I want to tell you about Occupy Wall Street. I’ve started this piece about OWS, I don’t know, four or five times at least and I just haven’t been about to finish it. Surprising, because this is just the kind of thing that for me should pretty much write itself – you’ve got your drama, your bad guys, your uplifting moments, your social commentary, your fighting back against the system, and all the other social justice things I so love to go on and on about. But even with all of that laying right there in my lap, I haven’t been able to write about OWS. And it’s not that I didn’t have enough to say about it, it was the opposite – there was too much, where could I possibly start? Now there’s even more to write about because it just keeps getting bigger and bigger.
Occupy Wall Street officially began on September 17, 2011 when a small group of protestors moved into the Wall Street area of lower Manhattan in New York City, eventually parking themselves in Zuccotti Square, one of those urban parks with cement benches and tables, about a block from Wall Street and the big bull statue, and right across the way from the footprint of the Twin Towers. Renamed Liberty Park, the number of people on site has grown tremendously, now in the thousands, not to mention the sites that have started across the country and across the globe. Why did they do it? I can’t speak for everyone involved, but it’s pretty safe to say that they did it because they wanted to bring attention to the growing power and apparently unlimited greed of banks and corporations, taken at the expense of the individuals in the United States.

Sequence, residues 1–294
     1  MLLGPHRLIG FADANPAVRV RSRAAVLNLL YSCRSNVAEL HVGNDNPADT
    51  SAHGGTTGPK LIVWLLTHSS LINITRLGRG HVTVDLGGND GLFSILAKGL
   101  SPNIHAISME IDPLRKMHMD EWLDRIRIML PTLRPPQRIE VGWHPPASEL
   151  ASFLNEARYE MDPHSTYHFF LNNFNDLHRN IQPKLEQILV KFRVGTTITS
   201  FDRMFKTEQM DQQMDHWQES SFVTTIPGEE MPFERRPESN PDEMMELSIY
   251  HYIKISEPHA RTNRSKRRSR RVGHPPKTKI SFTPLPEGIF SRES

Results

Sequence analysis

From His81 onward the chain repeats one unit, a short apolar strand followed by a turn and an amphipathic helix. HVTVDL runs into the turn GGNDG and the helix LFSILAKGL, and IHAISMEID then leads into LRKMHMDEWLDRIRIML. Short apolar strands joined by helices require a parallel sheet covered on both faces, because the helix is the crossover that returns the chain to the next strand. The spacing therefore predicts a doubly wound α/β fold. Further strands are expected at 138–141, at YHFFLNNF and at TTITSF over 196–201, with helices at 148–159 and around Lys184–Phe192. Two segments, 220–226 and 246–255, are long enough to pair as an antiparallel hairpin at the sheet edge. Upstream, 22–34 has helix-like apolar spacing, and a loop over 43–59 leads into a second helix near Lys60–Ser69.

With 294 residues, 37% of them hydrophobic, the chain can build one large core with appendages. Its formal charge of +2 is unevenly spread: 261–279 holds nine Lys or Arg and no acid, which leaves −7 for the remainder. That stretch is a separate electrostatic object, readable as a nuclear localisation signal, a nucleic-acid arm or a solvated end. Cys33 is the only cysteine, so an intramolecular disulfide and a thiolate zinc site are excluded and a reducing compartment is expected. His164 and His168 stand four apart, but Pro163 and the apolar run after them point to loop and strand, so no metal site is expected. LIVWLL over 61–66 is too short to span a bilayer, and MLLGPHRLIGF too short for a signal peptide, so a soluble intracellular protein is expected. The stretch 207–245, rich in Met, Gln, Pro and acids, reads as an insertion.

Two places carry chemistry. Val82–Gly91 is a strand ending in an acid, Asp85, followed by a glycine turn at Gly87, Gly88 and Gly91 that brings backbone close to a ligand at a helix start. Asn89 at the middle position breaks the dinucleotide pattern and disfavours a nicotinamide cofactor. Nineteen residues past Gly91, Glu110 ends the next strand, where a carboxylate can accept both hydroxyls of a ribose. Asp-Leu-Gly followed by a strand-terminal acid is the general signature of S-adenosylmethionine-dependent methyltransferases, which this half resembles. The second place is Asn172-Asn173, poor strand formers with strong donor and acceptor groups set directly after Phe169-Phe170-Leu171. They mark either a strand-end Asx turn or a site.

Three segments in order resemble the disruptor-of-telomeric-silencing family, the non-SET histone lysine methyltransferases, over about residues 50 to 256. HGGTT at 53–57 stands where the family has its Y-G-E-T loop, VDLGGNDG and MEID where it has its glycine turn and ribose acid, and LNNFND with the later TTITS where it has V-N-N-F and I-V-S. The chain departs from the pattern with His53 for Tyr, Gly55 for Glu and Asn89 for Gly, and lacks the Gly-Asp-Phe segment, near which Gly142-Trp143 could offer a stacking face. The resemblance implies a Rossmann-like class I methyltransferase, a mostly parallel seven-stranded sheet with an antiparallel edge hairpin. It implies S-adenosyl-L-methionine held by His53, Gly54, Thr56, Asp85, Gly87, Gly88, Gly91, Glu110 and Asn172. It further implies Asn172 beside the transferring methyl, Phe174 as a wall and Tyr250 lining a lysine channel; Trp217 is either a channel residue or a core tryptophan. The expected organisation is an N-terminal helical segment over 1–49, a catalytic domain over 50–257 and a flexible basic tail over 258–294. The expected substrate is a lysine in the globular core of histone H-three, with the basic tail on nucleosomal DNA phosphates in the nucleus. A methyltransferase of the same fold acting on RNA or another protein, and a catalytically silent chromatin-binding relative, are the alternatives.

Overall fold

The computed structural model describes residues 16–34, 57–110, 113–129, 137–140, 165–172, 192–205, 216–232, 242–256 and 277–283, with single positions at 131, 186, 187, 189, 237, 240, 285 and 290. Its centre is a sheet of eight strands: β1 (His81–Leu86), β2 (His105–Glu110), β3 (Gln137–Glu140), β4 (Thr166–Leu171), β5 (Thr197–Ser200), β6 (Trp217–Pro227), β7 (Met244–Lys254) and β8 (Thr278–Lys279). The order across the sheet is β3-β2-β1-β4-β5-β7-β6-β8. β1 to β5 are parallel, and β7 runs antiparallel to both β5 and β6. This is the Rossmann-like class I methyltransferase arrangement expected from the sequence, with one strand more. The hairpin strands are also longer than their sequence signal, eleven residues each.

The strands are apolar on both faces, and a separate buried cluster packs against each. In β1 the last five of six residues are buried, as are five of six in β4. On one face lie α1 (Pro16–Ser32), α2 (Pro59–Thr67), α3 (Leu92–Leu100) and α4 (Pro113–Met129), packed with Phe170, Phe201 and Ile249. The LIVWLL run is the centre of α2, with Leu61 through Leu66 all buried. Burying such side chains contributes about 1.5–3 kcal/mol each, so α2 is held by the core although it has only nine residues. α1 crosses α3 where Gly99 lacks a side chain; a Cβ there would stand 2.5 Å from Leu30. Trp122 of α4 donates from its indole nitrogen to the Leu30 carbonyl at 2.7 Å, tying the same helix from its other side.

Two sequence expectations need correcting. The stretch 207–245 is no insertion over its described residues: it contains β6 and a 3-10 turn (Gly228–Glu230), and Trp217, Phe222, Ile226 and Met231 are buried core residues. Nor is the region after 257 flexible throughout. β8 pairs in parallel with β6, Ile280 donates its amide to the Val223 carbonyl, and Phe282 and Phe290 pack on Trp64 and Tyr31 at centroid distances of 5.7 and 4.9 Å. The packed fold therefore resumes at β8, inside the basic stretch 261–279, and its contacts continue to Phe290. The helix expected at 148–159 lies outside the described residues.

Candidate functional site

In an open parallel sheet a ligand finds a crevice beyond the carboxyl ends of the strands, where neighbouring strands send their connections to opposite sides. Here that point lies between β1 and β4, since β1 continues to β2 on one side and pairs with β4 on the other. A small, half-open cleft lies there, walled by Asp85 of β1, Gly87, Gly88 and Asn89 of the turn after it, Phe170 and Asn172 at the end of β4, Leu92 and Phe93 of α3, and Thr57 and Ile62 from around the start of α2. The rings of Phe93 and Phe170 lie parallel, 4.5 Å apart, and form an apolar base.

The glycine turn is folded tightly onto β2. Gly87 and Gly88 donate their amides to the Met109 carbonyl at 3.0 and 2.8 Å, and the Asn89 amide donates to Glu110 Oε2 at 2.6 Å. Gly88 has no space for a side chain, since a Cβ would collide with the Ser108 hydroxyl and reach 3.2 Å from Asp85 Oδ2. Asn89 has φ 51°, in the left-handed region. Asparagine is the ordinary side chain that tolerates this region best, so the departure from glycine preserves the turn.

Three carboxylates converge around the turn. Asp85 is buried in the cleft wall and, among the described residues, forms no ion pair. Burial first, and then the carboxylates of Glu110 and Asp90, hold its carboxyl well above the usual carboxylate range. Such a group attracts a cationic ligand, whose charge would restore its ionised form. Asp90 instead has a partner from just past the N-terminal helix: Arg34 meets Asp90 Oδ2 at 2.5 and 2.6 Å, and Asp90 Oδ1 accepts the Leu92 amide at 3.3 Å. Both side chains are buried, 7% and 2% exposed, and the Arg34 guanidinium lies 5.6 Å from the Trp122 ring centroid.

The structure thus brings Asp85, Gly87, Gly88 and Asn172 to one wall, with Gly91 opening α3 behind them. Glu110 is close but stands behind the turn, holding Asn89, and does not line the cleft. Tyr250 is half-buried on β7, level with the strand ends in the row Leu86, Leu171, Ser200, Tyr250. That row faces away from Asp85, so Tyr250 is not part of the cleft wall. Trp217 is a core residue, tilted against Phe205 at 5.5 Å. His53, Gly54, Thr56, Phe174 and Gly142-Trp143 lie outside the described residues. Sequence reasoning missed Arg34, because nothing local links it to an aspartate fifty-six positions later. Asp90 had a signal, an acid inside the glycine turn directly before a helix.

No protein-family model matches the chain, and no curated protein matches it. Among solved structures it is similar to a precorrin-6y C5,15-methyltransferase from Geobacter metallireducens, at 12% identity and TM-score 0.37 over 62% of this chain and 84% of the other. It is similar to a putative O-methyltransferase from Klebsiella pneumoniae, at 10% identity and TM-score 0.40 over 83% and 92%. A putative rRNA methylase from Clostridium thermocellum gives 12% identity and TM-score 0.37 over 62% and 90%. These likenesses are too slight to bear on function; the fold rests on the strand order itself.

Here are some numbers: The unemployment rate is currently over nine percent (14 million people), and that number doesn’t include the underemployed, those working well below their prior income level, sometimes holding two or three jobs just to get that much. The unemployment/underemployment rate in the U.S. is actually closer to 20% when you count the unemployed that are now off the rolls because they are not currently receiving unemployment benefits. That translates to well over 20 million people who can’t find a job. Over 50 million people in this country have no health care coverage. Over one million people have lost their homes through the foreclosure process since 2008. The poverty rate has increased every year since 2007 from 12.5 to 15.1 in 2010. Nearly 15 million children (21%) live in families with income below the federal poverty level -$22,050 for a family of four, with 42% living in low-income families, those with income of roughly twice the federal poverty level. This is criminal and an outrage and none of us should sleep at night knowing this is true. Real wages of the American worker has been relatively flat for the past twenty years. All of this is bad enough, but let’s add insult to injury by forcing us to pay for the bailouts of the very companies who caused this mess in the first place.
There comes a time where the people must stand up and say ENOUGH. Apparently, that time has come.
I think I’ll get out of the way now and let you take a look. My colleague and partner on Working for Your Life, the Documentary, Franklyn Strachan and I have been to Liberty Park several times, as well other OWS marches and sites. We’re putting together videos of what we see.
Take a look: This is What Democracy Looks Like.